Even before Shakespeare's Hamlet, the gloomy Danish prince haunted by the ghost of his murdered father, couldn't make up his mind back at the castle, he was something of a ditherer while at university. At least that's according to the premise of Wittenberg, a comic play by David Davalos that has Dr. Faustus and Martin Luther fighting each other over the heart and soul of the lonely Dane, who characteristically bounces back and forth between them.
''Each one of them wants to take him under their wing to become their prized pupil,'' says director Josh Morrison, who's in charge of the Stages Repertory Theatre production. Luis Galindo, who plays Dr. Faustus, describes his character as ''a libertine, a free thinker not swayed by his surroundings being in a Catholic University.'' Playwright Davalos told us: ''I don't think of any of the characters as villains — there's no malice propelling any of them. I think of them more as antagonists and of Faustus as perhaps an antihero.''
He says he placed the play at Wittenberg because ''to an Elizabethan audience, a reference to Wittenberg both identified a person there as Protestant and as someone immersed in an academic environment of intellectual foment and questioning — as if an American Hamlet in the '60s were identified as coming home from Berkeley or Kent State.'' Ryan Schabach plays Hamlet, and Molly Searcy plays the Virgin Mary and several other women as well. Perhaps the most unexpected bit of casting is that Stages Producing Artistic Director Kenn McLaughlin makes his acting debut at Stages, playing Martin Luther. Morrison says they were going through auditions for the part of Luther when McLaughlin suggested he read for it, and it clicked. ''Louie is such a powerful actor; in order for the play to work, I needed to have someone who goes head to head with him,'' says Morrison.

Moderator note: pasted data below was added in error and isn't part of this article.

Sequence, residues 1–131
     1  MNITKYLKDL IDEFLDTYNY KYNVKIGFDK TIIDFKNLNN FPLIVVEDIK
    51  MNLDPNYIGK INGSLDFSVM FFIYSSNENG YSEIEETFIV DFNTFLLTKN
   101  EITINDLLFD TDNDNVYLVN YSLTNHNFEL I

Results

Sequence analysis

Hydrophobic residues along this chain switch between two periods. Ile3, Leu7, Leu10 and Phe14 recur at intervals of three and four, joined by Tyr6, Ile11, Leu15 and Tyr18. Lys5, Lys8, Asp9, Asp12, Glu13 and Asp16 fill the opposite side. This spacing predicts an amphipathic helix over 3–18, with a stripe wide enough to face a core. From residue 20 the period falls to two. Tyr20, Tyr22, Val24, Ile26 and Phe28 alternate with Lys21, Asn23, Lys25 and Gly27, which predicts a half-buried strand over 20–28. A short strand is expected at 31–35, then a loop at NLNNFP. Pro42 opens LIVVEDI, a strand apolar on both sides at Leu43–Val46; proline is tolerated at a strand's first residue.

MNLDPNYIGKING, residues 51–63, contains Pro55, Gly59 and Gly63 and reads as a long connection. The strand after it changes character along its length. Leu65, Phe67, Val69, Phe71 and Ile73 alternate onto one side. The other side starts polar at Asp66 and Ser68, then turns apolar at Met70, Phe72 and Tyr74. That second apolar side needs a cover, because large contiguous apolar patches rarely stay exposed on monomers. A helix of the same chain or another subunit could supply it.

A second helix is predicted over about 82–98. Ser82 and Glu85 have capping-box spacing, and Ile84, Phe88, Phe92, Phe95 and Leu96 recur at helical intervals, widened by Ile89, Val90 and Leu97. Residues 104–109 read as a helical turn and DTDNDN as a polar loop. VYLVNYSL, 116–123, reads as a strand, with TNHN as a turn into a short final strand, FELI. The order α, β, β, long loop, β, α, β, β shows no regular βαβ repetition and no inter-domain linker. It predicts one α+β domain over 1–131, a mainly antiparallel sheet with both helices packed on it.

7:30 p.m. Wednesdays and Thursdays, 8 p.m. Fridays and Saturdays, 3 p.m. Sundays. Through February 17.
Wednesdays-Sundays. Starts: Jan. 23. Continues through Feb. 17, 2013